The EU has given Britain a two-month deadline to respond to legal action as it responded to Boris Johnson’s plan to tear up the Northern Ireland Protocol.
Maros Sefcovic, vice-president of the European Commission, said UK legislation to override parts of the protocol, which governs Northern Ireland’s post-Brexit trading arrangements, was illegal.
The commission confirmed that Brussels will resume legal proceedings against the UK, which it suspended in September, for breaching the EU withdrawal treaty agreed in 2020.
Mr Sefcovic said: “If the UK doesn’t reply within two months we may take them to the court of justice.”
Brussels is also launching two new legal infringement actions against the UK – but in addition offering what it called an “oven ready” solution to the impasse.
Mr Sefcovic said: “Let there be no doubt: there is no legal nor political justification whatsoever for unilaterally changing an international agreement.
“This is illegal. The UK bill is extremely damaging to mutual trust and respect between the EU and the UK.
“It has created deep uncertainty and casts a shadow over our international cooperation.”
The Northern Ireland Protocol was designed to avoid the return of a hard border with the Republic of Ireland as a result of Brexit.
But it has in effect created a border in the Irish Sea between Great Britain and Northern Ireland, meaning goods exported from Britain are subject to customs checks.
The UK government says that had created a headache for businesses and the power-sharing arrangements set up as a result of the Good Friday Agreement in 1998.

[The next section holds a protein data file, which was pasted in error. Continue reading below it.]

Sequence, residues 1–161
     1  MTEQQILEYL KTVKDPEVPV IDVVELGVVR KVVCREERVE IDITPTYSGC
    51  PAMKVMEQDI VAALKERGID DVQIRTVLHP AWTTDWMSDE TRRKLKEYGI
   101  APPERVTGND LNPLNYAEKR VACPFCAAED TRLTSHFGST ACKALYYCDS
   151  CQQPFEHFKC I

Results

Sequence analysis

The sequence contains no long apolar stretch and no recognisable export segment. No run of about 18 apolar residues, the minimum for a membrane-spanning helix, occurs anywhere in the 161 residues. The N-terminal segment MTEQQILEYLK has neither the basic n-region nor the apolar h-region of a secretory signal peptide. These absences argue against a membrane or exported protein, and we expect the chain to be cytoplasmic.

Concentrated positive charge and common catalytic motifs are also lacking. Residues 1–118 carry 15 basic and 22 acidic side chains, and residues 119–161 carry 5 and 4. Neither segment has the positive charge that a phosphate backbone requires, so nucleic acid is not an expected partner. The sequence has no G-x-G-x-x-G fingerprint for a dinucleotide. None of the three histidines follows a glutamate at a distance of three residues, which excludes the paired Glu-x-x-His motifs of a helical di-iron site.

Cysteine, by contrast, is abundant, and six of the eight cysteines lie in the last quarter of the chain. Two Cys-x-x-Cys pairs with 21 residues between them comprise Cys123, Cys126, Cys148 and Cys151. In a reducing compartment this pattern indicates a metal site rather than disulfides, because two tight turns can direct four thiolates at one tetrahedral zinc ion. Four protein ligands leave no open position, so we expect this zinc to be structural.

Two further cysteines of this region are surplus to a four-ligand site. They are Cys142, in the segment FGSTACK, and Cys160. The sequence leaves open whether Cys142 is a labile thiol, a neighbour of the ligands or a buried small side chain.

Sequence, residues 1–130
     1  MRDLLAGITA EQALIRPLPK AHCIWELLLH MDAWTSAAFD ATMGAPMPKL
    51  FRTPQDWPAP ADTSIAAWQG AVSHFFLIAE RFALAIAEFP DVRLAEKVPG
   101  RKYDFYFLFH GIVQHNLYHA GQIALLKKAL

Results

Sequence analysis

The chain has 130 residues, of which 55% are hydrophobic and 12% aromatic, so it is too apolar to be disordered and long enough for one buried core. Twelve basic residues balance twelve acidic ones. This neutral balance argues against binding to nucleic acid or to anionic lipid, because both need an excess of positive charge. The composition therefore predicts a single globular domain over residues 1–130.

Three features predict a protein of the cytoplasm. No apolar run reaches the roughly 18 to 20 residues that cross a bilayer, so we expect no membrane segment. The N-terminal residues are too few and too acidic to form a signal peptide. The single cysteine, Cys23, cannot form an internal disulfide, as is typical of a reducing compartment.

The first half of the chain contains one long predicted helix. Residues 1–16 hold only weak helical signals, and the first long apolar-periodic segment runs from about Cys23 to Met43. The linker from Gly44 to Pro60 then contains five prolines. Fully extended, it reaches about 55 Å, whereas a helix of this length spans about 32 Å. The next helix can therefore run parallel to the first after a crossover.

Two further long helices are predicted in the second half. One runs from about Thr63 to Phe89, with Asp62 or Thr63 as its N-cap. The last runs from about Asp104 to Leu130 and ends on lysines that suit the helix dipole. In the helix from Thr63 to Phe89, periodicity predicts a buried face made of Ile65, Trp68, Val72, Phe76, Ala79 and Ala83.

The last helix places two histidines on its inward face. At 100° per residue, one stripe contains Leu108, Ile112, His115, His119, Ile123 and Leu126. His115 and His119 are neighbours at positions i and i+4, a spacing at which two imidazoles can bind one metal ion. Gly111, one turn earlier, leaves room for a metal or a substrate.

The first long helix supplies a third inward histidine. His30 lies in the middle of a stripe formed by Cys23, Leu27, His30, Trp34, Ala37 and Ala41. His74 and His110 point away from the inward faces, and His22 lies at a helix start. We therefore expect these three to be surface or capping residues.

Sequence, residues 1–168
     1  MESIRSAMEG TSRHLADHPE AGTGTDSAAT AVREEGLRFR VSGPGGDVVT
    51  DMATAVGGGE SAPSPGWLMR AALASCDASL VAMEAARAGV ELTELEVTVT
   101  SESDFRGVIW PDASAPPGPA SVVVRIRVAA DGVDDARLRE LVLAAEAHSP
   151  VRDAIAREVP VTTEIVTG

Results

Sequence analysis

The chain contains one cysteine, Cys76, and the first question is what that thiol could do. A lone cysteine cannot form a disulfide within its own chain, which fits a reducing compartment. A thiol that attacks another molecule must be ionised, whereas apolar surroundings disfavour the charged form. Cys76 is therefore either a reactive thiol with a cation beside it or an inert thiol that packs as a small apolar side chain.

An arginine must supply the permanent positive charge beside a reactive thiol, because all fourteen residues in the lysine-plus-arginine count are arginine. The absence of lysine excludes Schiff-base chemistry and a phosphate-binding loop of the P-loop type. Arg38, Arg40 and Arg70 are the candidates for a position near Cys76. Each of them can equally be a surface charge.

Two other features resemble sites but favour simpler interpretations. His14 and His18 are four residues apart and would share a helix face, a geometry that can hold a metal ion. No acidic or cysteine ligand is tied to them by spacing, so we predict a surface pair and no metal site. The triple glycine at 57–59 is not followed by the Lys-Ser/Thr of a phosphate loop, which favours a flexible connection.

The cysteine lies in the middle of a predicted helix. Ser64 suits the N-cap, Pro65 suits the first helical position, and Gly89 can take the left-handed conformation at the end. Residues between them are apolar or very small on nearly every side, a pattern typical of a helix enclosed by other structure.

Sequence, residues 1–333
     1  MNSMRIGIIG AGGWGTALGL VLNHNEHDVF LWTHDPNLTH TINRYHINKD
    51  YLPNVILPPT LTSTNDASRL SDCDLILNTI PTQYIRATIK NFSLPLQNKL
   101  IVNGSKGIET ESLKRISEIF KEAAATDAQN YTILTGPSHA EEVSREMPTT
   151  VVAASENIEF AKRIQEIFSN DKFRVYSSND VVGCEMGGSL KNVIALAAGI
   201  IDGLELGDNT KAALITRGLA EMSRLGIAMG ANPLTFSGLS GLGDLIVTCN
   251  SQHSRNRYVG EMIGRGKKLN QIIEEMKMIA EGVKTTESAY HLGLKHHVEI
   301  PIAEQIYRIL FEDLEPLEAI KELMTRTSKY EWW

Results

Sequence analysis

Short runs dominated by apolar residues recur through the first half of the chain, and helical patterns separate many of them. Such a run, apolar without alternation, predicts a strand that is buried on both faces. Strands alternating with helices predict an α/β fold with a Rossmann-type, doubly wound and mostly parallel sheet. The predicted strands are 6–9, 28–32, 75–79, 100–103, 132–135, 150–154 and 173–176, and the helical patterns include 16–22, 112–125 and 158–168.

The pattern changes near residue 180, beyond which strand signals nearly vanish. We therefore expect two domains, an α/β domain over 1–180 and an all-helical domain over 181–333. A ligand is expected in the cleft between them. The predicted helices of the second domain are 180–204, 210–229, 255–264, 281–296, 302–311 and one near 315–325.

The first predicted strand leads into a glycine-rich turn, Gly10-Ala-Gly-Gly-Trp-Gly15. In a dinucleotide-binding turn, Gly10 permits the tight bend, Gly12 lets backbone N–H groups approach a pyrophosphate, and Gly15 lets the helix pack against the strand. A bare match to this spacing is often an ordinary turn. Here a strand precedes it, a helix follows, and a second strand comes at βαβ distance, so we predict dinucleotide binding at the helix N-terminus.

The unionist DUP has refused to rejoin the power-sharing executive until the problems are resolved.
Britain has claimed that attempts to renegotiate the deal with Europe have hit a dead end.
It decided to push ahead with legislation to change the protocol, which was published earlier this week, despite warnings it would be illegal under international law and could provoke a trade war with Europe.
The government has proposed scrapping some checks on goods arriving in Northern Ireland from the rest of the UK and challenged the role of the European Court of Justice in overseeing the implementation of parts of the protocol.
Europe’s legal ultimatum relates to action it originally launched a year ago over the UK’s unilateral decision to extend so-called grace periods – holding off the full implementation of border checks required under the protocol.
That action had been suspended in the light of talks between London and Brussels.
The two new legal proceedings – which do not specifically relate to the protocol legislation set out in Westminster – accuse the UK of failing to ensure adequate staff and infrastructure to carry out checks in Northern Ireland and not providing the EU with sufficient trade data.
Mr Sefcovic also illustrated Europe’s proposals for easing customs formalities by holding up, during a news conference, a three-page sample certificate that would accompany a lorry carrying multiple goods under the plans.
“Not 300, not 30, three. This is how simple it is and what we can do if we work well together,” he said.
“What we are putting on the table is oven-ready.”